The St Lucie River was first declared “impaired” by the state of Florida in the year 2002. I have been blogging about this for four years.
Now, in 2016, all of Martin County’s beaches and the southern most beach of St Lucie County are closed. Palm City; Stuart; Rio; Sewall’s Point, Jensen. All waters are off limits. “Don’t Touch the Water.” –A health, safety and welfare issue for the people, a nightmare for local government, and a complete environmental and economic disaster for us all.
Included for purposes of documentation– to be added to the thousands of other posts on social media this weekend— I share the following, some that were shared with me…Divided into 8 sections: 1. Algae in the waves at Bathtub Beach, by JTL; 2. algae aerials at C-44, S-80, and S-308, by Dr Scott Kuhns; 3. Lake Okeechobee and St Lucie River’s extensive algae bloom, by jet pilot Dave Stone, and local pilot Ron Rowers; 4. Rio, a residential disaster, Jeff Tucker; 5. Sewall’s Point as seen from the Evan’s Cray Bridge with a river full of algae by walker Tracy Barnes; 6. Rebecca Fatzinger’s duck eating algae; 7. my Uncle Dale Hudson’s lead to Snug Harbor’s Marina “a multimillion dollar disaster,” and 8. Really blue-algae at Central Marina, Stuart/Rio.
The outpouring of the public is immense, and the powers that be, must look our way. Document, call, write, demand, and VOTE.
I. Bathtub Beach, JTL
Link to video: (http://www.youtube.com/watch?v=bYo6RNg3a1Y)
II. Photos by Dr Scott Kuhns Lake Okeechobee, Port Mayaca (S-308), St Lucie Locks and Dam (S-80) and C-44 canal. All aerial photos taken 6-25-16.
III. Professional jet pilot Dave Stone coming from Lee County to Martin County 6-26-16.
Aerial Video St Lucie River approaching North River Shores at 700 feet.
Link to video: (http://www.youtube.com/watch?v=8WLU6uLUKHo)
IV. Jeff Tucker, Rio
Video link Jeff Tucker, Rio: (http://www.youtube.com/watch?v=9DG687c8mgc)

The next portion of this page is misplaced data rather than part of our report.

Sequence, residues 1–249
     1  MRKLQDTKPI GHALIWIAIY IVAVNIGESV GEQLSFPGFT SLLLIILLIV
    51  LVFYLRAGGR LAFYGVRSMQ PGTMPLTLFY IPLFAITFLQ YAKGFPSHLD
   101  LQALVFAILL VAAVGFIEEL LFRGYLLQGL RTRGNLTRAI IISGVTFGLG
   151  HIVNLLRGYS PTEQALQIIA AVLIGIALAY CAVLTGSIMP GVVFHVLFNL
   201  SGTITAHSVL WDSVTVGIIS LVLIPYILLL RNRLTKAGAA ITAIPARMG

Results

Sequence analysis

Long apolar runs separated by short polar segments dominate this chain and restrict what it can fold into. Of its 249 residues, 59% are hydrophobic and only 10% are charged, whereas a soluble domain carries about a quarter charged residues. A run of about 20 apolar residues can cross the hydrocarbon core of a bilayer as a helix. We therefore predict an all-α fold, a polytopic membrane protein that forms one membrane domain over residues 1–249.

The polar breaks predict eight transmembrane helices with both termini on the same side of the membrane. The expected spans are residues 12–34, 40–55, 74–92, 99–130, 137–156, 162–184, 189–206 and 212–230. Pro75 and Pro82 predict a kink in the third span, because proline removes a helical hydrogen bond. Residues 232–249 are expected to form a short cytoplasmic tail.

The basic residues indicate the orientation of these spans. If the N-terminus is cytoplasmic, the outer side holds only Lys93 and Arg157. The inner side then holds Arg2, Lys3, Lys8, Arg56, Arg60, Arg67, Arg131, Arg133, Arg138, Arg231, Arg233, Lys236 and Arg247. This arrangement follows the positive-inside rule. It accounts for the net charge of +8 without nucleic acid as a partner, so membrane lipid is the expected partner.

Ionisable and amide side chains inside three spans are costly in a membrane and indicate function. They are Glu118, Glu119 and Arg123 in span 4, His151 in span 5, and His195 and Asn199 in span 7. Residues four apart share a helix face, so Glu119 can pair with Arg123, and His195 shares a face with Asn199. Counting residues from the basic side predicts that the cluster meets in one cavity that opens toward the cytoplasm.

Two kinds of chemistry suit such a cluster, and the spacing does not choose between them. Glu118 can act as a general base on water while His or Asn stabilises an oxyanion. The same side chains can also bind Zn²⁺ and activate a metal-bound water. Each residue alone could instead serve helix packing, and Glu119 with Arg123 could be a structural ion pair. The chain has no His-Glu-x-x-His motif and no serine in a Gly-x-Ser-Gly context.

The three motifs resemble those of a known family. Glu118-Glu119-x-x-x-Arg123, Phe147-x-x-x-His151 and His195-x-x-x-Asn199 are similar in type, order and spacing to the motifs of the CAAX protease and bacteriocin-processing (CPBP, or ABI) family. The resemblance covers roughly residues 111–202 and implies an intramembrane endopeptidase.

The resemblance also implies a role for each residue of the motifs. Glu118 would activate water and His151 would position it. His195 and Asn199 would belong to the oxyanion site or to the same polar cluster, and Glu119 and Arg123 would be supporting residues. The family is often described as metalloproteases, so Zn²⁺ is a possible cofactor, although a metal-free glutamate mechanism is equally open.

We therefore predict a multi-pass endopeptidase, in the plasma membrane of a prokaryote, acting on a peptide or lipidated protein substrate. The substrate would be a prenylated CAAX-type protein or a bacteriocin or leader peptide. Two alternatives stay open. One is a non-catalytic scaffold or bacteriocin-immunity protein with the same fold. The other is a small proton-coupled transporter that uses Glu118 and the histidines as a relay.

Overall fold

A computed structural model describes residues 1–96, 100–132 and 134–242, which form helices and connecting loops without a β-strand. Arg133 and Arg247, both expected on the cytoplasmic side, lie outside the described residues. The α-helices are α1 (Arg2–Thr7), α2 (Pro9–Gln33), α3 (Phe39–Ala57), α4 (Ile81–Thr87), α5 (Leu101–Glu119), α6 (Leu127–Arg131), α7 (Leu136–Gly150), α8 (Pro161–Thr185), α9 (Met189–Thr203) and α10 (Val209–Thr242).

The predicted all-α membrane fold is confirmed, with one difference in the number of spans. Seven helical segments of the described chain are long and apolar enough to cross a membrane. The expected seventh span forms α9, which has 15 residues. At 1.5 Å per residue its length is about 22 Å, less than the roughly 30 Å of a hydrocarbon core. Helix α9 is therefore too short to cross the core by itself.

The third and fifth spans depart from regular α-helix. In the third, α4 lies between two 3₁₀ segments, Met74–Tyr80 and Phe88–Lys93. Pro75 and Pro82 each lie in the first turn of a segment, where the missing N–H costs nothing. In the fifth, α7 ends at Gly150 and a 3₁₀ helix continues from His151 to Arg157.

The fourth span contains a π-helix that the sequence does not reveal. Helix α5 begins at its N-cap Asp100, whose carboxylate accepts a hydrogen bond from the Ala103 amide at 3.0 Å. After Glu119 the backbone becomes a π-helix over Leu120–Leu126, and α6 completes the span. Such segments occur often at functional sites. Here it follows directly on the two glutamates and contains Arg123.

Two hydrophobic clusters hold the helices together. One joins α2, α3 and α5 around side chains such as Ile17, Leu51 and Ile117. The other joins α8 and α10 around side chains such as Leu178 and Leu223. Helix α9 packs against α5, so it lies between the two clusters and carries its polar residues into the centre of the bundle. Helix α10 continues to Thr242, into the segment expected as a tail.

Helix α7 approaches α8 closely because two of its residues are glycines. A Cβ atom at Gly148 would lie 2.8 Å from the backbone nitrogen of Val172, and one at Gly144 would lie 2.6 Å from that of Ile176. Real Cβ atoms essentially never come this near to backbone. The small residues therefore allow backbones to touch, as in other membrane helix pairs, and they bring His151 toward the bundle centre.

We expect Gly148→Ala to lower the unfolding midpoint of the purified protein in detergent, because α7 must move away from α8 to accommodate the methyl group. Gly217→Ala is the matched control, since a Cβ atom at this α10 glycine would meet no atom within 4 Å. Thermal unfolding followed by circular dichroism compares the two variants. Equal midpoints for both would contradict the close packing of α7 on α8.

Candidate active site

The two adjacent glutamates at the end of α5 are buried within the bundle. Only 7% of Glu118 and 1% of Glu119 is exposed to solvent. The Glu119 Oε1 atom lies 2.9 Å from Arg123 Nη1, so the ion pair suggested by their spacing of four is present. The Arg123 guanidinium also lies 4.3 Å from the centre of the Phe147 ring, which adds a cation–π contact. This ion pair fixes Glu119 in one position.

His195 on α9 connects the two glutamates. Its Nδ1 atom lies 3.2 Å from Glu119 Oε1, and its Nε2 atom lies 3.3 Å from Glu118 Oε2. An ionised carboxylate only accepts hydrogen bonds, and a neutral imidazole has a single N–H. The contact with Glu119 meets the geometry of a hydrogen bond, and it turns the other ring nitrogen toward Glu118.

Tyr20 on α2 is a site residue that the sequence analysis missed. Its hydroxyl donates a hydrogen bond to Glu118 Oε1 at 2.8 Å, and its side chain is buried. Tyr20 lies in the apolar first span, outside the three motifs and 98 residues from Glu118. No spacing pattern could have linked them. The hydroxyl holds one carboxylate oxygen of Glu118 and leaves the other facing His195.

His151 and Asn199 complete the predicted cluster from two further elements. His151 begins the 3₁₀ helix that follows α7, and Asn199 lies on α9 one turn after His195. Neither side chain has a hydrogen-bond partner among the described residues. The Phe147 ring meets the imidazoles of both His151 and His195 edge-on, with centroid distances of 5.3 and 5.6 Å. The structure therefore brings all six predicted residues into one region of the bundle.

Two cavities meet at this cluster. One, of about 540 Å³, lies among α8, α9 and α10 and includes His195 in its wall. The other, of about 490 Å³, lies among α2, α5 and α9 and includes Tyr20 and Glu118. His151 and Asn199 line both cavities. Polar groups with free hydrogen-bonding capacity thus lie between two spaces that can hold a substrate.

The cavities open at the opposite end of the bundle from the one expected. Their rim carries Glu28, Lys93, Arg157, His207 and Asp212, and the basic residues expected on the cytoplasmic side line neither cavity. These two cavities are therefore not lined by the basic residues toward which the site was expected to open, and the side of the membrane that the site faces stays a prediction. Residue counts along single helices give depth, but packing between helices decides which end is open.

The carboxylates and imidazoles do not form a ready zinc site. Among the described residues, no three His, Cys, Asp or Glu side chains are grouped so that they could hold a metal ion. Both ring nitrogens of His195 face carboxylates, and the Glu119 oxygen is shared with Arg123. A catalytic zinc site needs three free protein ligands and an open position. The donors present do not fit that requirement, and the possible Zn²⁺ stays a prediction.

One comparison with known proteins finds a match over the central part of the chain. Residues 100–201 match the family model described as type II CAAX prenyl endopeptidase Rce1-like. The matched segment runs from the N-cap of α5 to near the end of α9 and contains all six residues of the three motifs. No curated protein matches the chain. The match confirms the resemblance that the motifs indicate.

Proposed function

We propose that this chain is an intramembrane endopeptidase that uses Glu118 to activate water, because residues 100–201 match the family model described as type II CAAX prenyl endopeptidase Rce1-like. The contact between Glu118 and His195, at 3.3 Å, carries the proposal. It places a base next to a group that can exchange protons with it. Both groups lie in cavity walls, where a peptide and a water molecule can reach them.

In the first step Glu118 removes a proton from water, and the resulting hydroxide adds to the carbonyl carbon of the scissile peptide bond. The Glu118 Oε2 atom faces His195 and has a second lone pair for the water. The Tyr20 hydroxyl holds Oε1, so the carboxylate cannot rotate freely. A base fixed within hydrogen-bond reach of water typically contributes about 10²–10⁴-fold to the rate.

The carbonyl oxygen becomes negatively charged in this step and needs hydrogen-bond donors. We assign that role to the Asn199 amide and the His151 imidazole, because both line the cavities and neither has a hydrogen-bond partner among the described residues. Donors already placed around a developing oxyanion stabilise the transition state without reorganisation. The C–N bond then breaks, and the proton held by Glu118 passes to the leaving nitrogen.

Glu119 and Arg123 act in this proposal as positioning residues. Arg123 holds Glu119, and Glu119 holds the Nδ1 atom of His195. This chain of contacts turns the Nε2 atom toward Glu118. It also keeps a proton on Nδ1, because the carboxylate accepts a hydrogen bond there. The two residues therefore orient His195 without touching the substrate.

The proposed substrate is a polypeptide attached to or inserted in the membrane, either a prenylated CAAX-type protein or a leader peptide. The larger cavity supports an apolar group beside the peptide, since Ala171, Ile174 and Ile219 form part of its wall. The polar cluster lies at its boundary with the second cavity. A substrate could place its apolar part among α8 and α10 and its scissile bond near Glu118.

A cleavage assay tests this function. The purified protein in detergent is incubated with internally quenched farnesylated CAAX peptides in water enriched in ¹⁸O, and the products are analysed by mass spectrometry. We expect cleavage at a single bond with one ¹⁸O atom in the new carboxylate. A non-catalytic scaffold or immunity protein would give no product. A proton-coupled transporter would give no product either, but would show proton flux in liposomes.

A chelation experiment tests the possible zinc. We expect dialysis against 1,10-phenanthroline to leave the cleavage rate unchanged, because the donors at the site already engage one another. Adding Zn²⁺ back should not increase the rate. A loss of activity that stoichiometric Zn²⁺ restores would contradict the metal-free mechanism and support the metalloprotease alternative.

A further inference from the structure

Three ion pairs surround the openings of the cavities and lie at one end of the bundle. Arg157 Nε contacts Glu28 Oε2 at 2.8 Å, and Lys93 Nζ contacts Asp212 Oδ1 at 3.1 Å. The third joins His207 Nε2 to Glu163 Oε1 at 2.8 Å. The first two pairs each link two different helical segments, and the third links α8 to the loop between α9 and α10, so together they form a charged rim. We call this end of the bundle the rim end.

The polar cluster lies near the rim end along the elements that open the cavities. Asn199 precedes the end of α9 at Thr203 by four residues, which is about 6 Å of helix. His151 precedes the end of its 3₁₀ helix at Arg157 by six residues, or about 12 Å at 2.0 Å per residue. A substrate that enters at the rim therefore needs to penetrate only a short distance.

V. Tracy Barnes walking over Evans Crary Bridge from Stuart into to Sewall’s Point
Video of Sewall’s Point walking over bridge. River full of algae.
Link to video (http://www.youtube.com/watch?v=6pEg9OPuN2w )
VI. Rebecca Fatziner’s duck in SLR
VII. Dale Hudson, alerted Ed and I to Snug Harbor Marina where we took these photos yesterday.
VIII. *Central Marina, Rio/Stuart blue algae
Blog from 2014 on impairment of SLR: (https://jacquithurlowlippisch.com/2014/03/26/impairment-of-the-st-lucie-riverindian-river-lagoon/)
*blue algae photos, #8, added to this post later in afternoon on same date this was originally published. JTL
The photos below of a severe algae bloom were shared yesterday by Rick Solvenson and Brenda Brooks who live on the Caloosahatchee River near Olga. This is on the south side of Caloosahatchee River near Fort Myers’ shores, just downstream of the Franklin lock. There is a second set of photos taken last Sunday and yesterday by Michael and Michelle Connor of Martin County along the side of Lake Okeechobee and at Port Mayaca.
So far in 2016, algae blooms have been reported in Lake Okeechobee, the St Lucie Canal, Palm City, (C-44) and the Caloosahatchee (C-43). The ACOE continues to discharge these algae filled waters from the lake into the estuaries St Lucie and Caloosahatchee with the support of the South Florida Water Management District, the Department of Environmental Protection, the Florida Department of Health, and the knowledge of the Governor and Florida State Legislature.
From what I have read to date, the cyanobacteria toxic algae blooms reported thus far have not yet tested “high enough” to warrant concerns at the level of the World Health Organization…not yet, but if they do, —-expect some information, but don’t expect protection. Florida is not providing such these days, not to us anyway.